“To be clear, your ability to secure state-issued money transmitter licenses is not equivalent to obtaining the blessing of ‘all U.S. regulators,’ as you said in your testimony two years ago,” the lawmakers said in an October 19 letter to the company, written in response to the launch of Novi. They urged the firm to “immediately discontinue your Novi pilot.”

Arthur Wilmarth, a law professor at George Washington University who has helped pioneer the theory that the Justice Department could prosecute stablecoin issuers, said that the agency “should probably send a letter of warning to Novi: either cease and desist or you can anticipate that we will bring a criminal indictment.”

“Anyone who knowingly partakes is liable,” he told Truthout, adding that the DOJ could send a message to the cryptocurrency industry by going after Facebook executives or those involved with “one of the other stablecoin issuers like Tether.”

Still, Wilmarth and other supporters of this theory aren’t confident that federal prosecutors will exercise their power.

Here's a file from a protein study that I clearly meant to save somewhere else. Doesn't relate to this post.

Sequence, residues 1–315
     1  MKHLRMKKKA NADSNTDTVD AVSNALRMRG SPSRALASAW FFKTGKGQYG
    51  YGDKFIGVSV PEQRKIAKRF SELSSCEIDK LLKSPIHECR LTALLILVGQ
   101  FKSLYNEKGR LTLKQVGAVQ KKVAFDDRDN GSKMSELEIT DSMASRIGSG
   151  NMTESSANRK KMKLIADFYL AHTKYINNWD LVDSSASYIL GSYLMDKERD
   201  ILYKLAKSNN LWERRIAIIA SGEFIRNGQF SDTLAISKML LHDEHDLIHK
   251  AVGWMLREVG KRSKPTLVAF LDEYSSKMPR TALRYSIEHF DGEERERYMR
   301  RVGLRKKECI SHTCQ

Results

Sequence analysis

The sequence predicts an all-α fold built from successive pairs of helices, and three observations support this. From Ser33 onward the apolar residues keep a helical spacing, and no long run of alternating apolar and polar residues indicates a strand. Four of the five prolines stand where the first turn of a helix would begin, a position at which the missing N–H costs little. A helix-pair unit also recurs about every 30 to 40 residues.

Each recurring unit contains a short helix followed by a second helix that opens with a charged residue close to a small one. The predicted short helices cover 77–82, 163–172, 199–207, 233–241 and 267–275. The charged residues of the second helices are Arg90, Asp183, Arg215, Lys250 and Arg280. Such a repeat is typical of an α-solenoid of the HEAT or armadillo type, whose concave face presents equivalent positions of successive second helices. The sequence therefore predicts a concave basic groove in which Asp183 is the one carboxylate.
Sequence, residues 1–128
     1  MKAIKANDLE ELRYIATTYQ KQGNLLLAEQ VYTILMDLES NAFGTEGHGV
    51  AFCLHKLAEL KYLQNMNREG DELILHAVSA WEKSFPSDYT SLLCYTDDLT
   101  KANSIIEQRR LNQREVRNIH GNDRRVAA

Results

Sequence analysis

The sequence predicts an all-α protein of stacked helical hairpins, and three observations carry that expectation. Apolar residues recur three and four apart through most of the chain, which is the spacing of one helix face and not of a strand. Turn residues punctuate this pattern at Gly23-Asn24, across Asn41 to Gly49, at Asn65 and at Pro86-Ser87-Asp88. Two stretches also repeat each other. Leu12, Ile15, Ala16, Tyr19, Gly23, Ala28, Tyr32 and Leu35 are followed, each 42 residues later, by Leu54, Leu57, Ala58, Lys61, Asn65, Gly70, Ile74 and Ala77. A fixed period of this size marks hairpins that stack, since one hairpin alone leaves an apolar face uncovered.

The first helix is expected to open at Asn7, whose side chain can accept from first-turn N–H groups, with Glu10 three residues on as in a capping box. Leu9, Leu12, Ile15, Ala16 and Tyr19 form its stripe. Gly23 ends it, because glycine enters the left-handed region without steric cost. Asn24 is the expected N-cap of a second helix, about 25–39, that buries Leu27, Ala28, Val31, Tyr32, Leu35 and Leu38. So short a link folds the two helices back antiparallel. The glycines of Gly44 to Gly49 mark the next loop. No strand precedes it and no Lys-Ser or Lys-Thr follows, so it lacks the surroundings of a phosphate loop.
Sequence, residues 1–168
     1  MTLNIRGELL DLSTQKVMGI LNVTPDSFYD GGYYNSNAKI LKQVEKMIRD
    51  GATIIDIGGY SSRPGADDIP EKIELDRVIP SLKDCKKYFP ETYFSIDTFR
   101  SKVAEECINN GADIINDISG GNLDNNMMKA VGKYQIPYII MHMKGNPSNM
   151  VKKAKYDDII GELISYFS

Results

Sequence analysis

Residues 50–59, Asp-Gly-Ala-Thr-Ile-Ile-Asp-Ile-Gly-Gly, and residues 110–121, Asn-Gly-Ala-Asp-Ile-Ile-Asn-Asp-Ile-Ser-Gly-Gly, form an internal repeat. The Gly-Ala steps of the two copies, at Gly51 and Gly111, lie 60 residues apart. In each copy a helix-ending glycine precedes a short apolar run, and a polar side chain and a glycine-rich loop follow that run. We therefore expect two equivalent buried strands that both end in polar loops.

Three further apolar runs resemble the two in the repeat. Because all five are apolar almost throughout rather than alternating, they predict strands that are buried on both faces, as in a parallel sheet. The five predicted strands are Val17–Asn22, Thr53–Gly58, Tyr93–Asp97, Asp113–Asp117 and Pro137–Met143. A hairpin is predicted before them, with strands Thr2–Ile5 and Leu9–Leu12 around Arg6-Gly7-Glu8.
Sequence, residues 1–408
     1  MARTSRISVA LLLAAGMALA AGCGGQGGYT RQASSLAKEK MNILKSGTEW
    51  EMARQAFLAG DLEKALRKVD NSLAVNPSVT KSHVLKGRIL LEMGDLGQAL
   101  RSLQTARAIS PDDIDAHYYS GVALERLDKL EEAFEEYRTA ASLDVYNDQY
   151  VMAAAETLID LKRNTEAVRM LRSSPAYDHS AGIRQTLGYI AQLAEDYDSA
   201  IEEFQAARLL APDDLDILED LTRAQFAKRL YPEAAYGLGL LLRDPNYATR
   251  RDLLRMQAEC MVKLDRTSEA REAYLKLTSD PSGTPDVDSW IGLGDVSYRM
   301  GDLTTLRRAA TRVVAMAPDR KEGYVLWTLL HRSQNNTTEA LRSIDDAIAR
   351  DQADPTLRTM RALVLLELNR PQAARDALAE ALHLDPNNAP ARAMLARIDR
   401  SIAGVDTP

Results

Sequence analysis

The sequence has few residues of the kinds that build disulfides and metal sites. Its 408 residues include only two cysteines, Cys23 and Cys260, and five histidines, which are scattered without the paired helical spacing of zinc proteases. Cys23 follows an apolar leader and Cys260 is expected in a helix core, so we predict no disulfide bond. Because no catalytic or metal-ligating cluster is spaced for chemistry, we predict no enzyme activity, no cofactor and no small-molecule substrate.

“Is DOJ prepared to do anything? At least the President’s Working Group mentioned the possibility,” Wilmarth said. He noted that the legal theory isn’t as “ironclad” as it used to be because it allows companies to take deposits if they are licensed under state law. In recent years, Wyoming and Nebraska have allowed deposits. special bank charters without deposit insuranceAs a way to attract cryptocurrency ventures, there are requirements. (Novi doesn’t have any Wyoming license, and the company is only licensed in Nebraska as a money transmitter.)

Renita Marcellin is a senior policy analyst for Americans for Financial Reform. has also pointed to the Justice Department’s powers when urging the Biden administration to take a tougher stance on cryptocurrencies, said that she doesn’t “expect DOJ to say much here.”

“For market participants and industry people, I am assuming that they feel so empowered to do this because DOJ has been really lacking in this space,” Marcellin said. “Unfortunately, that’s not Mark Zuckerberg’s problem, that’s DOJ’s problem. They need to be very clear about what this law means.”